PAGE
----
New York, NY, United States (4E Sports) – New York Mets owner Fred Wilpon and family can heave a sigh of relief, at least temporarily, after they successfully negotiated a refinancing deal for their massive $250 million loan.
According to a newspaper report, the refinanced loan will not come due for seven years, freeing the cash-strapped owners from an immediate, burdensome obligation that could put their ownership of the team in peril.
Under the new terms, the interest payments will remain about the same for team owners under the new terms.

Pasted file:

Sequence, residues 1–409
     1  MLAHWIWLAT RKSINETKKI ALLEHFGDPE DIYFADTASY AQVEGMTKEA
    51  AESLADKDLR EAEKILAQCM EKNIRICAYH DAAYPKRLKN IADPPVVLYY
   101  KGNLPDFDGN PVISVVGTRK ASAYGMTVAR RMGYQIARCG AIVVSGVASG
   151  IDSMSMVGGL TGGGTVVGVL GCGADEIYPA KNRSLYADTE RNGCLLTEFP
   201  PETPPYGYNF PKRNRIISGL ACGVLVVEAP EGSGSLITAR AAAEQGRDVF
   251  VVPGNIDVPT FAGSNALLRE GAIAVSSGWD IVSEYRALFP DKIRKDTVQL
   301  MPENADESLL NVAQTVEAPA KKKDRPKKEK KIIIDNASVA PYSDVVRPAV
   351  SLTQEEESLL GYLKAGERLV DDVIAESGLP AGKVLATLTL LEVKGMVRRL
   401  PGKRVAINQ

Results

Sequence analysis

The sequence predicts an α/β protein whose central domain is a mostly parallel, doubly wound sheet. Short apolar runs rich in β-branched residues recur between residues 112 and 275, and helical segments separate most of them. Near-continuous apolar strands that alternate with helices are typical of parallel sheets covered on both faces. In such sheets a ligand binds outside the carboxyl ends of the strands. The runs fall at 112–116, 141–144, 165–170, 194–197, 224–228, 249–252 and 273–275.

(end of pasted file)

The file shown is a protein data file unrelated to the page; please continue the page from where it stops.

Also, they will not be required to immediately pay down any principal as part of the refinancing agreement, avoiding the type of immediate lump-sum obligation that could trip them up.
The best thing about the refinanced loan is that it does not restrict the Mets’ payroll. The original loan’s terms capped how much the Mets could spend on players.
Currently, the Mets’ payroll is about $87 million for 2014 — well below what is customary in a large market such as New York.
The Wilpon family has faced financial peril in recent years in part because they invested in swindler Bernard Madoff’s Ponzi scheme.
They recently sold minority ownership shares in the club in order to pay down debt, including a loan from Major League Baseball.